Creativity, huh? That's not one I had thought of, though it could be something that people who are inclined that way could enjoy.

I wonder if the idea that I've come across from time to time that it's bad to have fun, or to enjoy things (outside of Jesus, of course), has any effect on this in Christian circles.

Just a thought. Have you come across that sentiment?

Valorosa said...

I'm wondering also if it is because faith is diminished.

God seems so far away these days ... we pray for people to be healed and they die anyway.

Healing is a big one I think ...

Then that could be linked to the things I mentioned before ... we don't spend time with God enough??

Greg said...

The Walk,
Helpful stuff. Thanks for your insights. To remark on just one. I think that trust is a real key as sadness can often be due to the lack of any people in one's life that are trustworthy. As a result, suspicion seeks to take over, although it can never do so entirely. We're made to trust.

Greg said...

Yes, I have. Due to a lack of a creational perspective this idea is an untruth that many seem to buy into.

Greg said...

Thanks. And welcome to Living Spirituality.

I agree. Maybe we could formulate this as disappointment with God, which unfortunately leads to spending less time with him. Perhaps, the eventual response should be the opposite.

Joshua said...

Reading a book by Plantiga. He seems to be attributing it to sin. Haven't got far enough in the work (just preface and intro), so I'm not sure of what he's gonna say. If you are familiar with Not the Way It's Supposed to Be: A Breviary of Sin or something similiar he's put out, what are your thoughts on his argument?

Greg said...

Thanks. Excellent book and I agree with much of it. In a nutshell, yes, I think sin in some form is ultimately the culprit as it attempts to block and destroy human flourishing.

Anonymous said...

A large part of my life has been characterized by feelings of sadness and so I find myself unable to ignore such a question. As I reflect on what has helped me there are many things that come to mind, but the one that sticks out is meditation. It has been through my learning to read what God has spoken through scripture and engage with it by consiously seeking to understand what is being said on not just an intellectual level but on an emotional level as well. It's allowing the scripture to awaken me in the dark places of my heart--the places that have shut down from pain, despair, broken trust, broken desires of the way I wish the world to be, the way I wish myself to be, the way I wish relationships to be...dwelling, meditating on who God is and who I am in times of silence. This has brought about an ability to then go about my day and experience God's presence. I don't mean it in a way that I feel that the sadness is gone but I find that there is something else besides the sadness. There is a God who is loving and is thus reshaping my understanding of what love is all together.Community has been important but for one who interpreted relationship through a lens of suspicion, as Greg suggested, community seemed at times an an aggrevation to my sadness. It hasn't been until I had something else to contradict my beliefs, a God who sacrificed himself to be in relationship with me, and I could find that belief in times without others, in silent times alone reaching towards God, that I could then begin to crack the door to opening myself to people and thus my experience of community in a new way. They work together no doubt as people demonstrating the love of God can also be a means of contradicting a dominating perspective of mistrust. Perhaps this can be helpful in some way to someone like me.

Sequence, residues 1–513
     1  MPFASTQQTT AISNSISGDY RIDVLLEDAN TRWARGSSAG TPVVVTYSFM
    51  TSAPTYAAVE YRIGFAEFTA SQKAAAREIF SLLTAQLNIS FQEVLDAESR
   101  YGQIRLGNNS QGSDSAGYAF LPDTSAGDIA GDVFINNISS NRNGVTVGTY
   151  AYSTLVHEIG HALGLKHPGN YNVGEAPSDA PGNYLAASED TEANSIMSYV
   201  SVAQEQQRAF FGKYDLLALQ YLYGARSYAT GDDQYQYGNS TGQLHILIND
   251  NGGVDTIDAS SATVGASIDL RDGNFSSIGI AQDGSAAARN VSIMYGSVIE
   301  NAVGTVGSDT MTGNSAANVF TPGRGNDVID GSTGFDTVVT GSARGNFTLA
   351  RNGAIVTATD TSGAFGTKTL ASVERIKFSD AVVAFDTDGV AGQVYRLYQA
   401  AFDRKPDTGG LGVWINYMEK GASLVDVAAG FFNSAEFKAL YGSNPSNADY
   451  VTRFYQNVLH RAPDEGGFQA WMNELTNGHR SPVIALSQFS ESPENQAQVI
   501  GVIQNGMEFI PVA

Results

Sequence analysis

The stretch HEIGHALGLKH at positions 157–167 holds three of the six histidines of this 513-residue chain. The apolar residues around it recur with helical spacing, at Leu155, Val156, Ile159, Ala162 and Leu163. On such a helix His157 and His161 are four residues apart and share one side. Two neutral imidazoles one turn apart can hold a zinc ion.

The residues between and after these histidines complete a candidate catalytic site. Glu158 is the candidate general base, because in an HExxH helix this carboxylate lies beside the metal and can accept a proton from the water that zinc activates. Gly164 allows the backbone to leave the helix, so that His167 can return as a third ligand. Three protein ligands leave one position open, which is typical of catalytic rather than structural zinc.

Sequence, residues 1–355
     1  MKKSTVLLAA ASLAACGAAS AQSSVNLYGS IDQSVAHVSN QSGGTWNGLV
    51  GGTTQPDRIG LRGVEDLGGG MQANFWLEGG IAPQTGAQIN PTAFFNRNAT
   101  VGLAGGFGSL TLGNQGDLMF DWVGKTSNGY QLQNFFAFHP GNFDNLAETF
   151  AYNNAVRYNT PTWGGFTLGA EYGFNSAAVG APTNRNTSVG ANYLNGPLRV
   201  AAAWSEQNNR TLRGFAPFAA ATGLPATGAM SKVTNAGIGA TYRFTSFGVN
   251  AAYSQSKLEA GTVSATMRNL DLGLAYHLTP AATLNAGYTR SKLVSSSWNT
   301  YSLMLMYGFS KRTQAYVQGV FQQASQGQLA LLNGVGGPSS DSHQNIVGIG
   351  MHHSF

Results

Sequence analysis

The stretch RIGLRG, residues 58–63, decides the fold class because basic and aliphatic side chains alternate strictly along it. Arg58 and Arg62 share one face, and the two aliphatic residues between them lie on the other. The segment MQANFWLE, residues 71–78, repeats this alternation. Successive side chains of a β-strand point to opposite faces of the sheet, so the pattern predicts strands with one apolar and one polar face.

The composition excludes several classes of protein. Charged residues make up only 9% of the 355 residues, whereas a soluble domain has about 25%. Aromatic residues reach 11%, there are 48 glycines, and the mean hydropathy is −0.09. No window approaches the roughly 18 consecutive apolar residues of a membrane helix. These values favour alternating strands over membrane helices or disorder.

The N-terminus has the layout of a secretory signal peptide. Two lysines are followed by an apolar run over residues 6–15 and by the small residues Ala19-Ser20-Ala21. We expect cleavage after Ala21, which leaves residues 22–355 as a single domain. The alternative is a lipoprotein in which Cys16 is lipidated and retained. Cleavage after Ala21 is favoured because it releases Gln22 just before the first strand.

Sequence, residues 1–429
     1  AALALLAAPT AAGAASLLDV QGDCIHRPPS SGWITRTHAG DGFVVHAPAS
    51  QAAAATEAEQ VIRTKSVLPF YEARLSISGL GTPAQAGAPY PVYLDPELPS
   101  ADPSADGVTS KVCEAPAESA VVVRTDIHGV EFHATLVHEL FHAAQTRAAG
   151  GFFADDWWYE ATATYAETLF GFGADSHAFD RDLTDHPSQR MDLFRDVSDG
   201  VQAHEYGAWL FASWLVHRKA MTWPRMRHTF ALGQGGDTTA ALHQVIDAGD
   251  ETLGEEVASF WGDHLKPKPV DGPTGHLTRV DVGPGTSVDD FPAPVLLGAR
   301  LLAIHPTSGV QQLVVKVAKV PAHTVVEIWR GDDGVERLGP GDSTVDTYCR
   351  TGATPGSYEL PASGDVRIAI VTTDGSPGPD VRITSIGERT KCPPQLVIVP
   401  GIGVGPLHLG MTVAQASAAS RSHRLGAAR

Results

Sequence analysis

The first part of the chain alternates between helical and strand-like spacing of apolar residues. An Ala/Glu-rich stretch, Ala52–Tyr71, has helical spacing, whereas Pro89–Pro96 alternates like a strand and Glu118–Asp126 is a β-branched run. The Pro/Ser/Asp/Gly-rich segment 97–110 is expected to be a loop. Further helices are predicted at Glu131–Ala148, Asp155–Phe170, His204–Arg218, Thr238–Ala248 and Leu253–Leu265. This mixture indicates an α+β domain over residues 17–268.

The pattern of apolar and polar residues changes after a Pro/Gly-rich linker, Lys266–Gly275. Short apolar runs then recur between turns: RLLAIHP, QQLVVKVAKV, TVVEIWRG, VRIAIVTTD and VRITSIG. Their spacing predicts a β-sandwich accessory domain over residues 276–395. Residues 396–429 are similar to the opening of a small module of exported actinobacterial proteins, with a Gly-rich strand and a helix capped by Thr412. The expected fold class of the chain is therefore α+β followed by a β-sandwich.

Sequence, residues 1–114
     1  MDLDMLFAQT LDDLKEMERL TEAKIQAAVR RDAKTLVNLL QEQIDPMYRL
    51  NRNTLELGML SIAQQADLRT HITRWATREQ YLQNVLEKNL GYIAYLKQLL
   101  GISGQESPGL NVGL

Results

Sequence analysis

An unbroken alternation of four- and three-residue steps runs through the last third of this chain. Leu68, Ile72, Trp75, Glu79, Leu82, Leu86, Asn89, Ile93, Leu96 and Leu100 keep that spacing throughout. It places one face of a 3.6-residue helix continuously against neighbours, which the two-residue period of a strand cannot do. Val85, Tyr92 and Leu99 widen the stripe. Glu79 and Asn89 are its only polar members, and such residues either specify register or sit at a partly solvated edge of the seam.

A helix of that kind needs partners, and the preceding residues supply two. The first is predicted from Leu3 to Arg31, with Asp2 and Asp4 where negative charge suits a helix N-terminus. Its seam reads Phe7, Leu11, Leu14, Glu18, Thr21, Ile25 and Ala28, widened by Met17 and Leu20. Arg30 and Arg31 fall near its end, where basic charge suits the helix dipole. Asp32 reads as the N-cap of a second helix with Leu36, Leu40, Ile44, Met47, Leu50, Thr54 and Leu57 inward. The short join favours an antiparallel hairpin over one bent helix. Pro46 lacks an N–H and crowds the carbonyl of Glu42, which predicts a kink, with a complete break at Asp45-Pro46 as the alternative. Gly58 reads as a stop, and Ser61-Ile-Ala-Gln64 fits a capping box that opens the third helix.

Greg said...

Thanks for your helpful comment and welcome to Living Spirituality. It's very good to hear your words. So often the love of God is left to the side when it should be front and center.

harry coe maynard said...

Greg and all,

The problem with Faith, Hope, and Bible study and Prayer is it is not a one time event.


Greg said...

Harry coe,
Welcome back. Thanks for the comment. The problem would be, it seems to me, if faith, hope, Bible study, and prayer were a one time event.